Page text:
WASHINGTON – House and Senate negotiators defeated an effort Tuesday to have the Food and Drug Administration (search) regulate tobacco products. The proposal was part of a corporate tax bill that would provide $130 billion in new tax breaks to businesses.
House negotiators rejected the idea, which had been included in a Senate version of the tax bill introduced in the conference committee trying to blend the two bills to go before the House and Senate for passage.
The Senate had linked tobacco regulation (search) to legislation that would pay tobacco producers about $10 billion to give up their government quotas that determine how much of the crop they can produce.
Senate supporters of FDA regulation were expected to make an attempt Wednesday to strip the buyout provision from the compromise bill before it comes up for approval by the conference committee.
After a day of debate in which House Republicans were able to defeat all but two minor amendments offered by the Senate to the overall tax package, supporters of the bill expressed confidence that the committee will wrap up its work Wednesday and report out a completed bill that can be taken up in the House on Thursday and the Senate probably on Friday.
But Sen. Max Baucus, D-Mont., the top Democrat on the Senate Finance Committee, said the defeat of FDA provision may prompt efforts to stage a filibuster to delay Senate passage of the measure until after Friday, the day lawmakers were hoping to adjourn to hit the campaign trail.
The debate over tobacco was the most contentious battle in the conference committee that is trying to reconcile differences between the two chambers on legislation needed to end a trade dispute with Europe.
That dispute is subjecting 1,600 U.S. farm and manufactured goods exported to Europe with punitive tariffs that increase every month that Congress fails to repeal an export subsidy the World Trade Organization (search) has ruled is illegal.
The failure of supporters to get FDA regulation of tobacco raised doubts about the fate of the bill as some senators have raised the possibility they might mount a filibuster to block its passage.
Sen. Edward Kennedy, D-Mass., who offered the FDA provision, said the failure to add it to the bill would seriously jeopardize passage of the overall corporate tax bill in the Senate.
Supporters of the overall measure argued it is needed to keep American exporters from losing more business in Europe because of the rising tariff penalties.
Rep. Bill Thomas, R-Calif., chairman of the House Ways and Means Committee, and Senate Finance Committee Chairman Charles Grassley, R-Iowa, want to wrap up work quickly so the legislation could be passed by both houses of Congress before the weekend.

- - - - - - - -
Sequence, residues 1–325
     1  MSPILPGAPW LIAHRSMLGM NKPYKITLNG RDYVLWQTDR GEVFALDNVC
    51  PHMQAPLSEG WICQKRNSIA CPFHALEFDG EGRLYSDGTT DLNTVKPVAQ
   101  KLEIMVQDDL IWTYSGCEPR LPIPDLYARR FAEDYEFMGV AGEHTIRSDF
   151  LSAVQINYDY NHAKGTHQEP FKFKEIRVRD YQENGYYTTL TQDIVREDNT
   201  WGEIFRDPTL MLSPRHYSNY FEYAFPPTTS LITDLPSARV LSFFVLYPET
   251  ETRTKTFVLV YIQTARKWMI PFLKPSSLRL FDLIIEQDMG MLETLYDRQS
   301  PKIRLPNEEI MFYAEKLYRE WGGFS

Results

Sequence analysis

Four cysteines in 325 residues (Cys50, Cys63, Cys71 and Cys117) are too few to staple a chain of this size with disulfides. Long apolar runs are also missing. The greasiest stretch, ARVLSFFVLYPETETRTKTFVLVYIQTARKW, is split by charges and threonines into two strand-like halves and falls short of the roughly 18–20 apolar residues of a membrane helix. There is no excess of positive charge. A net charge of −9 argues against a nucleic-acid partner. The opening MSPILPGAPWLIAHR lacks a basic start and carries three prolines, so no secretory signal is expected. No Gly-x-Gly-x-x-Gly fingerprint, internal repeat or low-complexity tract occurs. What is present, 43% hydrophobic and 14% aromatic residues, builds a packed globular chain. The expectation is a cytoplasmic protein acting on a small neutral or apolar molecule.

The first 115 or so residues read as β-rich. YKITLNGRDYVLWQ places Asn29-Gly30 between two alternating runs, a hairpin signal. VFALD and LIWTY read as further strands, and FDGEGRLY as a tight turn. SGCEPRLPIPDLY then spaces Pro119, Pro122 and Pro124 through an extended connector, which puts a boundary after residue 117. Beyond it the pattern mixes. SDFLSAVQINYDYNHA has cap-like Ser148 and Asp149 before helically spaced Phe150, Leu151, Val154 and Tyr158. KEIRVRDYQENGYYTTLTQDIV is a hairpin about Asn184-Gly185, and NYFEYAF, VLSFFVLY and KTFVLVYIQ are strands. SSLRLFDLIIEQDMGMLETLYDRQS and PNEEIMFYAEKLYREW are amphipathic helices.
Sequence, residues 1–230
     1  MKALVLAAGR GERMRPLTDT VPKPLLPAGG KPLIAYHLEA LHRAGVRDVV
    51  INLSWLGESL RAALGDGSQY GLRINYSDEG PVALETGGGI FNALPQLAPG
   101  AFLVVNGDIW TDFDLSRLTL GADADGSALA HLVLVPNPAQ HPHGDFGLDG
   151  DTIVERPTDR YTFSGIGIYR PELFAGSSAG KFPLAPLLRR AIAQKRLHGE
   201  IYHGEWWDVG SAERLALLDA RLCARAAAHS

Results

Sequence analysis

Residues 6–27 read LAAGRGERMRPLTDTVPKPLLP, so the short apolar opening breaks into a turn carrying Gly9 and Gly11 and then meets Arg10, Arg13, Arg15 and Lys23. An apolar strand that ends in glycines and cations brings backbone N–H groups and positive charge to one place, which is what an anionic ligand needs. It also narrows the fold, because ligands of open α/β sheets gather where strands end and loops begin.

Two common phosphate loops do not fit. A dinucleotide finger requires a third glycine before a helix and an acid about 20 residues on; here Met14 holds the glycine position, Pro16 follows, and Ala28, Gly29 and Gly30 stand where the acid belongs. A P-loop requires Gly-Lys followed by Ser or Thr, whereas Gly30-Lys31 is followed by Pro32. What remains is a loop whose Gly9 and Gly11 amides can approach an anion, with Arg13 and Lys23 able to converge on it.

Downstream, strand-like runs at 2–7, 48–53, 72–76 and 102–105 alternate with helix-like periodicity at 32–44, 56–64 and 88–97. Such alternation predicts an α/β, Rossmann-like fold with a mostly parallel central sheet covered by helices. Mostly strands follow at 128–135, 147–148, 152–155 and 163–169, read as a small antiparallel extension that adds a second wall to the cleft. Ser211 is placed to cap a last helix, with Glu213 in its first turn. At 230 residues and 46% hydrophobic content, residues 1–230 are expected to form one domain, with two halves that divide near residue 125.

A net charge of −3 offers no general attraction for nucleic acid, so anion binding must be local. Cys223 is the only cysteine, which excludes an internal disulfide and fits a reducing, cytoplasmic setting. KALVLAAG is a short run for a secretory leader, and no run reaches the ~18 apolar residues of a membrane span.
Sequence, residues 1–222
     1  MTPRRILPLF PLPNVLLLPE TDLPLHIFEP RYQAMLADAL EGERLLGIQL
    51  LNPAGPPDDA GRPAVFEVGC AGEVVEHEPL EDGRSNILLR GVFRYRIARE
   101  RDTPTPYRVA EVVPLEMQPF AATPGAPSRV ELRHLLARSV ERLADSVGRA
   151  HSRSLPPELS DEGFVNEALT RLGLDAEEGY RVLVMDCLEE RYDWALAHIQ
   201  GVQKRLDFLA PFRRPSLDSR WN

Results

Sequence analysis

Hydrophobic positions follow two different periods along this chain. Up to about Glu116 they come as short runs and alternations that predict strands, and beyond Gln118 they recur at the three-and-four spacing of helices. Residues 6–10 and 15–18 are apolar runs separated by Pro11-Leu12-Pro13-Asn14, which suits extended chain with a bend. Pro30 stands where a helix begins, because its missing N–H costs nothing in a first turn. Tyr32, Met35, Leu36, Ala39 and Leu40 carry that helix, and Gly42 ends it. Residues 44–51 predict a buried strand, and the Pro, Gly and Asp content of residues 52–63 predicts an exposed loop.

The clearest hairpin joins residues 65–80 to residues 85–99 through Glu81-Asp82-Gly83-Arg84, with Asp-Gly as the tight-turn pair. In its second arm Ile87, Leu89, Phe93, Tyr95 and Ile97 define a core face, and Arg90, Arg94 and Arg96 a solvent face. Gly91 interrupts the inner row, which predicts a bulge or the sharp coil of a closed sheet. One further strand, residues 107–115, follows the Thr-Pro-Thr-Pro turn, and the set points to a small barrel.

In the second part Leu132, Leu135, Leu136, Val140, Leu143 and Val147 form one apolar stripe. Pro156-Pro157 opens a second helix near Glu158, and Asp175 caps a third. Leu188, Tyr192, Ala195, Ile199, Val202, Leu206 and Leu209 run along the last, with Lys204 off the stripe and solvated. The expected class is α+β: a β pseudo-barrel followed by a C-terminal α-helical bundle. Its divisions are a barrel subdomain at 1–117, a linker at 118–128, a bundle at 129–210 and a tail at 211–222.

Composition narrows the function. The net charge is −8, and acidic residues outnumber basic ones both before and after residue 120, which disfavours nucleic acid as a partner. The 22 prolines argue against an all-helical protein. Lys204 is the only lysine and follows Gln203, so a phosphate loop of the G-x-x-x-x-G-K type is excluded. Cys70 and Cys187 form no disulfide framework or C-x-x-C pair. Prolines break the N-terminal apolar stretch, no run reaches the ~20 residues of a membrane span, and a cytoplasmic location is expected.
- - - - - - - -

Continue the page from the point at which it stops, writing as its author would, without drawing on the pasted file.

Supporters of the legislation also faced questions raised by the Bush administration in a letter written by Treasury Secretary John Snow. Snow complained that both the House and Senate versions of the bill "include a myriad of special interest tax provisions that benefit few taxpayers and increase the complexity of the tax code."
With an eye toward the Nov. 2 election, the tax measure was loaded with a wide array of tax breaks for farmers, fishermen, filmmakers and a wide array of U.S. businesses.
Makers of ethanol (search), the gasoline additive produced from corn, would get new tax breaks, as would hunters who use bows and arrows and fishermen who find fish with sonar devices.
The major element of the bill would repeal a $5 billion annual subsidy received by hundreds of American companies, which the World Trade Organization has ruled an illegal export subsidy.
Until Congress repeals the subsidy, specific U.S. exports to Europe are being hit by a 12 percent punitive tariff that increases by 1 percentage point per month.
In place of the banned subsidy, Congress has devised new tax breaks that total more than $130 billion over 10 years. The biggest element of the package is a tax deduction, which would cost $76.5 billion over 10 years, that is meant to bolster the country's beleaguered manufacturing sector. U.S. manufacturers have lost almost 3 million jobs over the past four years.
The definition of manufacturing has been broadened under the bill, to include not only traditional factories but also construction, engineering and architectural firms, even moviemakers.
The bill would reinstate deductibility of state sales taxes on individuals' federal income tax returns, a provision that is popular in the seven states that do not have state income taxes.
Despite the tax breaks, the bill would not increase the federal deficit because it would compensate for the lost tax revenue with a series of proposals to close various tax loopholes, mainly dealing with corporations.